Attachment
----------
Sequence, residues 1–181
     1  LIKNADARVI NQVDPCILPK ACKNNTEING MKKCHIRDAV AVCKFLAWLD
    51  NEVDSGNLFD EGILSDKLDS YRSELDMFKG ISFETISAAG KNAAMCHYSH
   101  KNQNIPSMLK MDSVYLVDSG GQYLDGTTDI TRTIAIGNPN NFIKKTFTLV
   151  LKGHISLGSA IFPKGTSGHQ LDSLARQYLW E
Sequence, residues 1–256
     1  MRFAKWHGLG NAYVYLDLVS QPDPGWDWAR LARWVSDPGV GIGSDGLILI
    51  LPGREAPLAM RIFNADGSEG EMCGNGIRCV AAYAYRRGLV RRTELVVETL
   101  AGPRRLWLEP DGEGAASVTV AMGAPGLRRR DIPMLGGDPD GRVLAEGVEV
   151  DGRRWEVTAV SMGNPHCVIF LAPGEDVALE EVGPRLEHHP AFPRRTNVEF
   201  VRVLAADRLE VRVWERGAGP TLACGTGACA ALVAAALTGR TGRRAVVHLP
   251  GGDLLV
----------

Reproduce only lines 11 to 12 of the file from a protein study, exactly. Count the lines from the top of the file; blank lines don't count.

   201  VRVLAADRLE VRVWERGAGP TLACGTGACA ALVAAALTGR TGRRAVVHLP
   251  GGDLLV